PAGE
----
Faddish trends such as the Keto diet are highly acidic too, because, as Batra explains, they involve high fat and high protein with little or no plant foods. “The thumb rule is that the higher you eat in the food chain, the more acidic it will be—so plants are the most alkaline but chicken is more acidic than fish and meat more acidic than chicken," says Batra.
Joel Kahn, the world’s leading plant-based cardiologist and author of the book The Whole Heart Solution, considers animal protein to be the main reason for an increased acid base. “These animal proteins acidify the body and require bone reabsorption to release alkaline agents." He says this is the reason why, over time, dairy consumption in the form of milk, cheese and butter is not associated with stronger bones and reduced risk of osteoporosis. “In fact, often the opposite result occurs." He recommends a largely plant-based diet, emphasizing greens, legumes, nuts and seeds, to provide alkaline support to the blood. “This also benefits the body, with a lower risk of heart disease, type 2 diabetes, obesity, cancer and dementia—a win-win programme."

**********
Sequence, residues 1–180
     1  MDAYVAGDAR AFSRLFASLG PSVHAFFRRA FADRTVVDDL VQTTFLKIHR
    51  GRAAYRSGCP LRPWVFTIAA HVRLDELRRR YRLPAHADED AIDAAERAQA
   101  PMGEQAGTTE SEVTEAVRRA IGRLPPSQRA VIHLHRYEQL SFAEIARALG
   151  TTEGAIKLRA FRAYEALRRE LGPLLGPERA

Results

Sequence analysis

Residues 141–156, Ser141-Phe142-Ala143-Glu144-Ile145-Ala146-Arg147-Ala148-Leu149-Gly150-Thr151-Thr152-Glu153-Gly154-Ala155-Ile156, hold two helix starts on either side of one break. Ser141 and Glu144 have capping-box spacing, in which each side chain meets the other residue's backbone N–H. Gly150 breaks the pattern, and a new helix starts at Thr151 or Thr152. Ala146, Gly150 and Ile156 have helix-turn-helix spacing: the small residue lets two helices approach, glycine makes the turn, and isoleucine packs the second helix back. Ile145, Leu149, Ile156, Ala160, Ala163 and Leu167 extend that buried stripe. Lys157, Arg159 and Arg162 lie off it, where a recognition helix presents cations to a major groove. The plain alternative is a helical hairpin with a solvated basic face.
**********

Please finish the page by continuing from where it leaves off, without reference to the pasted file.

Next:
Sheela Krishnaswamy, a Bengaluru-based diet, nutrition and wellness consultant, also counts animal protein as a major offender. “Excess intake of animal protein, alcohol, carbonated beverages, caffeine, can cause harm; however, in regulated quantities, the body is capable of handling different foods and combinations," she says.